If we want to improve or broaden the knowledge, competence and skills of our professionals, first we have to attend the teaching material that we will provide. For this reason, in Snackson we defend that it is extremely important to take care of the presentation of the learning objects we create for our training activities.
We want to help companies and organizations so that their employees can make progresses in their professional and personal lives, in a way that they can also feel themselves as active members of a society that is more and more complex and which requires more qualifications and skills to manage the diverse daily needs that are present in both environments.
With this in mind, we assume that it is necessary that the learning objects we use in our training activities must be interesting, motivating, relevant and comprehensible and, ultimately, user-oriented.
Easily comprehensible texts
The scholars related to educational research, have always felt a great interest for the existent link between understanding and the memory. That is to say, for how we are able to assimilate better some concepts (and, by extension, a conceptual network) thanks to their understanding.
Their studies show that to make the understanding of those notions easier, it is necessary to pay attention to the didactic aspects of texts and how they are built. It is for this reason that over the creation process of learning objects, we have to make sure that they are formulated in a coherent and not contradictory way, regarding previous knowledge as well as there should be no place for ambiguity.
Ambiguity is a phenomenon that takes place in the different languages of the world. A number of statements that we can consider as correct or acceptable, turn out to be ambiguous we analyze them close enough. Let’s see some simple examples of the different, and most recurrent, types of ambiguity that we must avoid:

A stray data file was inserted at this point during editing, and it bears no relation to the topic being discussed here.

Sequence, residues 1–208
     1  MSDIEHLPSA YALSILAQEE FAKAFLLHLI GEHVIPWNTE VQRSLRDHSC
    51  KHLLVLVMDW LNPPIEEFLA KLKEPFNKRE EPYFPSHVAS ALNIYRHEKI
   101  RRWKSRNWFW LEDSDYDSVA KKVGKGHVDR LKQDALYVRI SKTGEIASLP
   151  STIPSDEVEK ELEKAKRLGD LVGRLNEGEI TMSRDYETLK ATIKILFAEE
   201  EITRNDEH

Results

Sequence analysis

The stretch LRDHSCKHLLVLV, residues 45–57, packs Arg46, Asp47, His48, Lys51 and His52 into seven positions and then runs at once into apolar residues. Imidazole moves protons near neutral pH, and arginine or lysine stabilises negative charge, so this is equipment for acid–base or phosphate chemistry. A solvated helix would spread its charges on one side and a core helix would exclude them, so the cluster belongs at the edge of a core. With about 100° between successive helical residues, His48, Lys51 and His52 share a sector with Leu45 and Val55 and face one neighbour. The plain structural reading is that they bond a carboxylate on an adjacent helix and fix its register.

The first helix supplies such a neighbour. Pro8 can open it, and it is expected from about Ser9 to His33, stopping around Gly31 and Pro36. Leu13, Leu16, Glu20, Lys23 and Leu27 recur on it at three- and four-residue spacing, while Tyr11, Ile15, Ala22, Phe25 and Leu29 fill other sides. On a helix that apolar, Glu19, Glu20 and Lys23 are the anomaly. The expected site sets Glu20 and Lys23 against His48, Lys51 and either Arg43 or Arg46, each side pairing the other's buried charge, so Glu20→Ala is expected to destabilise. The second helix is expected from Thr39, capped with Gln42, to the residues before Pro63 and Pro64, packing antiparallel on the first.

- Lexical: “The fisherman went to the bank” (bank= the rising ground bordering a lake, river, or sea/ an establishment for the custody, loan, exchange or issue of money – Merriam-Webster).
- Semantic: “Our mothers bore us” (tiresome mothers/acknowledging that they did bear them in their womb).
- Structural: “The children ran outside” Were they leaving some place or were they just running outdoors?
- Pragmatic: «Outside is very warm» You must have some knowledge concerning the speaker to get the information you can learn from this sentence. Its meaning will differ depending on if it is pronounced by an Eskimo or someone living near the tropic.
In other words, for a concept (or conceptual network) to be understandable and the contents effectively communicated, it is necessary that the educational designer avoids activating erroneous notions or not appropriate; explaining the content incorrectly.
Facts to consider
In order to create comprehensible texts we must be able to:
- Foresee the difficulties that users may face. Take their previous knowledge on the subject as a basis and have full knowledge about the topic we are going to teach: its features, advantages, difficulties… It is necessary to bear in mind what we want to teach, what should users be able to do after the training activity, and focus on these targets.
- Adapt the linguistic features of the text to the reader’s cognitive features. Know how to divide the subject into small portions and organize them properly. Not overlooking that the selection of the titles assigned to the learning object is also an essential part of educational design and that it helps users to remember and understand the knowledge in question.
- Use outlines, diagrams, illustrations or visual aids. They have proved to be a powerful tool that helps users to activate previous knowledge, to put skills and cognitive processes into play, to figure out and understand a concept in a quicker and more efficient way.
It is obvious that there is not just one only text model that is ideal for all students. What we can state is that a comprehensible text…:
- Explains a concept when they are introduced for the first time.
- Connects key ideas.
- Respects the internal hierarchy of the concepts
- Is organized from the theoretical to the practical and vice versa.
- Contextualizes the contents.
- Separates complex issues into a succession of steps or phases.
- Offers questions and exercises, to which they always give an answer or, at least, delivers the orientations necessary to solve them.
Post translated by Carolina Serna